I sat on the concrete porch, the late-day sun warming my face. Pen in hand, I pored over a business book, highlighting words to remember.
As each car passed on the street, I looked up in search of the familiar.My kids had been gone since Monday, their second summer vacation week with their father. All week, I’d been working, exercising, catching up with friends and with myself, and calling my little ones to hear their sing-song voices and know they were ok.
In turn, they were surrounded by beauty – the mountains of Banff, a gondola-ride over snow-caps, a dip in a cold pool, hot dogs roasted over the open fire.
When the blue truck pulled into my driveway Friday evening, I tossed my book inside the house and walked barefoot to greet them. They were asleep in their carseats, heads tilted. My ex smiled at me and shrugged his shoulders.
Asher was the first to open his eyes. “Mommy!” He threw his arms around me. Avy lifted Eliana from her seat and she nudged her eyes awake. She smiled when she saw me and reached her arms out.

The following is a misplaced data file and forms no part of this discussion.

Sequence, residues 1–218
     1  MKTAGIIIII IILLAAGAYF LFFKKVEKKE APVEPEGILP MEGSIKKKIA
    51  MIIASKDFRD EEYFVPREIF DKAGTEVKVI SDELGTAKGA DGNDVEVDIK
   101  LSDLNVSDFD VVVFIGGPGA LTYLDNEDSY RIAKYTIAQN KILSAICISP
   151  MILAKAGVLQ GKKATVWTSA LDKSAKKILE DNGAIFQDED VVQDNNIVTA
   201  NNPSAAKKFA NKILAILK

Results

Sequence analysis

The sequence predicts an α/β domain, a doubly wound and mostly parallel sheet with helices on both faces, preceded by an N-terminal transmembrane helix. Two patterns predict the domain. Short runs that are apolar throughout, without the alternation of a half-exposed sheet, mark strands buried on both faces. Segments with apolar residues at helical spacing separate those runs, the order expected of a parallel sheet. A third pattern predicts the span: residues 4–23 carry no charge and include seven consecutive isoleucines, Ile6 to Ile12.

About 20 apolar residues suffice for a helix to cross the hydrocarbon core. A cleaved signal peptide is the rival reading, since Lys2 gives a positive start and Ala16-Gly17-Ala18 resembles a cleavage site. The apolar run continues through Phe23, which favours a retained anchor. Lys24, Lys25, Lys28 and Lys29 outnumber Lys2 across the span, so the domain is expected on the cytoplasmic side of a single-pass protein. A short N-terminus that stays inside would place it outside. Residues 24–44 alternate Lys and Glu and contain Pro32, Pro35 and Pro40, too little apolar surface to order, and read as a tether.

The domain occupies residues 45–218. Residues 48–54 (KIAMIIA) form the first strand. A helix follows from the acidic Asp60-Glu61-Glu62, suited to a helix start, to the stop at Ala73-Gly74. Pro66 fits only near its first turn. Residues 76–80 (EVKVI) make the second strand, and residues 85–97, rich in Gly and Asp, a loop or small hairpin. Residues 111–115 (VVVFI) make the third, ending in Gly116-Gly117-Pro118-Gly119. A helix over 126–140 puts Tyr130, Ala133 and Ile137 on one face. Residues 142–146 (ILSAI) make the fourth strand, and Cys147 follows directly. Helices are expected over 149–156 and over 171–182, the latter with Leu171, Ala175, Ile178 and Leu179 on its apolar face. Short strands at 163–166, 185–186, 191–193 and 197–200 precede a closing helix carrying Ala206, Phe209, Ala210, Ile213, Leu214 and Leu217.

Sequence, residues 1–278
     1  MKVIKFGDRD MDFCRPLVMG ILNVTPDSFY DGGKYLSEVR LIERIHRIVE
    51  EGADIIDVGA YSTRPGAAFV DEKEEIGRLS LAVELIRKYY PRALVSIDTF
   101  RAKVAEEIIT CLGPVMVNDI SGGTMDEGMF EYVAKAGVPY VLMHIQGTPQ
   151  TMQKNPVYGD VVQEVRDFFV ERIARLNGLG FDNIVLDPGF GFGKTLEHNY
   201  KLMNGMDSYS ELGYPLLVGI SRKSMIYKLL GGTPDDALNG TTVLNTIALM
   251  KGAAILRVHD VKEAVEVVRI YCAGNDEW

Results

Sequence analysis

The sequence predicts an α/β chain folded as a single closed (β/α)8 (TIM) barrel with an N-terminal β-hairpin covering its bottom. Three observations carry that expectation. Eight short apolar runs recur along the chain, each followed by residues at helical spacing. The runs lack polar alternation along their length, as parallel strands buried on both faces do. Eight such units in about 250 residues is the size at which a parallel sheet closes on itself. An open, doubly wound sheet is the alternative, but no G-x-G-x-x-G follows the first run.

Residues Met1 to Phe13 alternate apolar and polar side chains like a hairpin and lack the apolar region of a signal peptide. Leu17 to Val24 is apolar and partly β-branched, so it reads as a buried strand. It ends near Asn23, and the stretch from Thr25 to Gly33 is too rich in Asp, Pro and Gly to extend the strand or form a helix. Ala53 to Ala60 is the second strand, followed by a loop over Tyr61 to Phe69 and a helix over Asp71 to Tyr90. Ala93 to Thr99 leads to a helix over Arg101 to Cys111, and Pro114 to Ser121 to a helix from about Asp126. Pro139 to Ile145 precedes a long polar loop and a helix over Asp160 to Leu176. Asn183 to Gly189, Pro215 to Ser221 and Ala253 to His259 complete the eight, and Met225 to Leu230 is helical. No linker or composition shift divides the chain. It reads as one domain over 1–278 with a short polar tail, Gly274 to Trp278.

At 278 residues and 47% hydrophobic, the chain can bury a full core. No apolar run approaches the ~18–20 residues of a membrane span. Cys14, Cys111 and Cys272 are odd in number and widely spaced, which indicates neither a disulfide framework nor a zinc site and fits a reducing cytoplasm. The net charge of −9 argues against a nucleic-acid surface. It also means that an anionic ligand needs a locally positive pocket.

By then I was holding Shaya, in a dead sleep against my shoulder. With my free arm, I embraced my girl.
All through the night, I got spontaneous hugs. Shaya slept for another hour on the couch. I watched Asher’s digital-camera video-tour of the trip and heard their excited stories. When Shaya awoke, he would not let me put him down.
Finally, the four of us lit the candles and covered our eyes. We recited the Hebrew blessing to inaugurate the Sabbath aloud, our voices in unison. Then we held hands and sang the silly made-up song I created as a post-candlelighting ritual when Asher was little. We danced in a circle, then fell into each other at the end. I can’t remember a happier time.
So many people’s eyes go wide and their voices drop when they hear I got divorced. “OH,” they say. “I’m sorry!”
I shake my head to let them know it’s not like that. Although no little girl dreams of her grown-up life as including the demise of a marriage and a dream fluttering skyward like a captive bird set free, every day I realize how right this decision was.
We are all adjusting, figuring out how to survive and how to transcend the moments.
Those happy faces, those little bodies sleeping beside me Friday night. Asher’s full-body hugs, Eliana’s endless smile, Shaya’s neck-cuddles.
They had a great week with their father. And they were so happy to be home with me.